I recently saw the film Transatlantic Tunnel (from 1935) (apparently also called The Tunnel) on Netflix. It was terrible in the sense that almost every movie from before 1936 was terrible since people didn't really know how to make decent films (except It Happened One Night), but it is also interesting as a period piece.
All sorts of cool technologies are displayed, including Transatlantic Aviation (in single person aircraft), wireless video communication, as well as various plot devices (Allanite Steel, some new drilling technologies etc.). Apparently, after the war (some more prescience here), there is some alliance of the English Speaking Peoples, and Parliament and Congress are connected via Video technology.
The plot (and I am not giving anything away here) is that an engineer-entrepreneur who recently completed the Channel Tunnel (in the 1950s, only off by 40 years or so, this is science fiction), wants to build a tunnel from England to America. He must obtain financing.
His career takes all his time and destroys his marriage. There is an "unforeseen volcano" in the middle of the Atlantic Ocean, requiring a detour, which costs money. The evil financiers want a greater stake in the tunnel in exchange for money (i.e. all of it). It is not terribly unreasonable in the financial side of things, engineers naive about the ways of finance, yet each side needing the other to build infrastructure.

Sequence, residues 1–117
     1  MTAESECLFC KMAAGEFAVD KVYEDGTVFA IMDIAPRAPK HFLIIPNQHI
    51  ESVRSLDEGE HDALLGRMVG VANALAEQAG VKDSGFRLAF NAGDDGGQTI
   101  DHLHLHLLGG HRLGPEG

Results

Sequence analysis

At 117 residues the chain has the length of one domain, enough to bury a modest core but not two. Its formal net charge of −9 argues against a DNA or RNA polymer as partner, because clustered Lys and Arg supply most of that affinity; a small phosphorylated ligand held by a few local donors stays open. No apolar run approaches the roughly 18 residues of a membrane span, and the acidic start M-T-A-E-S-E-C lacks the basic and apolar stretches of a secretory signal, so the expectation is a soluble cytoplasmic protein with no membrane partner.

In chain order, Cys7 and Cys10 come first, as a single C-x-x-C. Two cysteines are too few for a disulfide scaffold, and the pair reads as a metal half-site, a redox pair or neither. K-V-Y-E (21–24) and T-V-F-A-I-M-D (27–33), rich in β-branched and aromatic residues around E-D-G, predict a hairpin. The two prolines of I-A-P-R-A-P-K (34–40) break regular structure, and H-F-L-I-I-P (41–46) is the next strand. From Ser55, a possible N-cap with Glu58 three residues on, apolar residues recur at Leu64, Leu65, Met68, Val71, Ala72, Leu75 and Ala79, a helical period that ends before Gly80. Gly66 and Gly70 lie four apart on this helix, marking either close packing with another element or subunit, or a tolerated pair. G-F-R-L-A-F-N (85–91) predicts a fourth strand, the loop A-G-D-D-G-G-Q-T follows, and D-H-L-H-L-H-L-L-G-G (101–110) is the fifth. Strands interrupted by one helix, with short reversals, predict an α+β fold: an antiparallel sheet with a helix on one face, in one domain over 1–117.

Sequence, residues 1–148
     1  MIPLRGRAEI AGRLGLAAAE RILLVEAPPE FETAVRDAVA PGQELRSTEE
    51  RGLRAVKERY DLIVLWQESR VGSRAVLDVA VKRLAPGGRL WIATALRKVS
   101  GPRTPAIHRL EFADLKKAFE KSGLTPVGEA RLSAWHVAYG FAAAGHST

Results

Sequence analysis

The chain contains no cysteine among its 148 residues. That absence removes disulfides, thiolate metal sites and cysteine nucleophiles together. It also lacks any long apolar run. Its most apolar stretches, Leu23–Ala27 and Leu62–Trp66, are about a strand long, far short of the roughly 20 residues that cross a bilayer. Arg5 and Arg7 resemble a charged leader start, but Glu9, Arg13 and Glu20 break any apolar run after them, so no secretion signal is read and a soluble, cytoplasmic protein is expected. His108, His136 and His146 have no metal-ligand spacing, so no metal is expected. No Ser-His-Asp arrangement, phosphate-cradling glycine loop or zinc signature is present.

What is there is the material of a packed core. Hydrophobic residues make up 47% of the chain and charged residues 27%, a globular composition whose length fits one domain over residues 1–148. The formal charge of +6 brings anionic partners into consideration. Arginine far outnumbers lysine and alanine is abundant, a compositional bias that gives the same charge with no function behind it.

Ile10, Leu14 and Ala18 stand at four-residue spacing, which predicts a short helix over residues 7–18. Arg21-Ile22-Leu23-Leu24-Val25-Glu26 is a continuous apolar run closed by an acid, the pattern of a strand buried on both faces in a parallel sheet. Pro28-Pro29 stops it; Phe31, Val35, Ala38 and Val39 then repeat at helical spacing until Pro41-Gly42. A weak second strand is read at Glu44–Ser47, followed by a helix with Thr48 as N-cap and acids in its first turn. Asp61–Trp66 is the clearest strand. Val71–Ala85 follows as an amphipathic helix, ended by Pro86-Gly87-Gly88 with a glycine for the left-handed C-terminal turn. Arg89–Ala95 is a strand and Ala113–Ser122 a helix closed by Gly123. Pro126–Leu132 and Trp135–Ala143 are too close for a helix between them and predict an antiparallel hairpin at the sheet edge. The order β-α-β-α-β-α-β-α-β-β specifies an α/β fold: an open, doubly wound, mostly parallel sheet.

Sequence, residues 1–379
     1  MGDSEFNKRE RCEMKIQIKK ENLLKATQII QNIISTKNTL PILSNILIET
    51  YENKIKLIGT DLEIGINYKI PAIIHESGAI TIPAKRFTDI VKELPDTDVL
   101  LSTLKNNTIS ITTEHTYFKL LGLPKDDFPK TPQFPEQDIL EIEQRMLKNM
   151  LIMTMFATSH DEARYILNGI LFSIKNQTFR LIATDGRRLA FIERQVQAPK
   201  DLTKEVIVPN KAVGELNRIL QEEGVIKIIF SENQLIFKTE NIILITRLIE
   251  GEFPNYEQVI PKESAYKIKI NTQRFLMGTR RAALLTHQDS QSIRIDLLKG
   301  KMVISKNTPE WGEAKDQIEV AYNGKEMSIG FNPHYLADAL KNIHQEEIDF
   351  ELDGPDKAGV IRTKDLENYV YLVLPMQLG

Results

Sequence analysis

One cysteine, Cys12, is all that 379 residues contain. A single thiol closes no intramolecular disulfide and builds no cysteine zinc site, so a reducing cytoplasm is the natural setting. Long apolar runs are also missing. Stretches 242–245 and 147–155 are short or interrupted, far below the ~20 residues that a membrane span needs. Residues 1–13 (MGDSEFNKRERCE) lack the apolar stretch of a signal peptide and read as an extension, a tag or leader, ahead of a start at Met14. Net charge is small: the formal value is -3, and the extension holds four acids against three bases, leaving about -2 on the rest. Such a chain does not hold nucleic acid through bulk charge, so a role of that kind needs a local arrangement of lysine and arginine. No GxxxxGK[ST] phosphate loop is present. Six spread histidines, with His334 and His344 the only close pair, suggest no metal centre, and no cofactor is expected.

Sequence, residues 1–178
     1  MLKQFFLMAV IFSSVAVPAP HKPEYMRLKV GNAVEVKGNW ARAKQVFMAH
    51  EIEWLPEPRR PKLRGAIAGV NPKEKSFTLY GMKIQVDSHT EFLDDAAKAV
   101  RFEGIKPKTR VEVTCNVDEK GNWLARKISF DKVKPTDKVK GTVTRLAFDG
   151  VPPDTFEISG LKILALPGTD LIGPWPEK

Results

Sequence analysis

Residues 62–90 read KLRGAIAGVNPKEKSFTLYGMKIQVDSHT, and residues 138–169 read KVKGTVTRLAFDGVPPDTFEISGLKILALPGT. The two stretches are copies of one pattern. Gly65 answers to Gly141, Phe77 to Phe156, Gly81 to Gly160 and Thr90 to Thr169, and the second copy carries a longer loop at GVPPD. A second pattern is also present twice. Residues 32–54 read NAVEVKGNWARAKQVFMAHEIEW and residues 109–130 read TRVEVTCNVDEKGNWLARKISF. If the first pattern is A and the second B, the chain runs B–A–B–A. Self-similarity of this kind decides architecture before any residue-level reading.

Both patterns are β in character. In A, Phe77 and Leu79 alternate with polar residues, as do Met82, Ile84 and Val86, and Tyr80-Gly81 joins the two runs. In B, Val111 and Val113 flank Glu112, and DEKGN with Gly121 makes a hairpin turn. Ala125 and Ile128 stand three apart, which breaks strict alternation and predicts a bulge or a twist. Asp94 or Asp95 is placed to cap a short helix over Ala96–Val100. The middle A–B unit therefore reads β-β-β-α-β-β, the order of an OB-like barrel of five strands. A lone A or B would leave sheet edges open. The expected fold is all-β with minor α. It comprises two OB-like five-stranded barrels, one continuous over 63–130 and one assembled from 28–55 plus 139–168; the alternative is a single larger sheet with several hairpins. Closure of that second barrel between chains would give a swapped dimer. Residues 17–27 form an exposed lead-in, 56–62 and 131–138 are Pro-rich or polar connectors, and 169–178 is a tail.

But for the "Unforeseen Volcano", it isn't too unreasonable either as a bit of near future science fiction. Yet, surely if they had those other technologies, they should have been able to detect a Volcano. You know, perhaps they took a submarine to survey the route before digging?
The bigger question is: Why has not something seemingly so obvious (a Transatlantic Tunnel) yet to be built, or even seriously contemplated by serious people? I know, it would have very high fixed costs unless we can somehow reduce tunnelling costs, but this is where R&D might be quite valuable, since there are lots of potential tunnels which are unbuilt due to high initial construction costs. If we could get robots to due the difficult (laborious) bits, drilling might be much, much cheaper.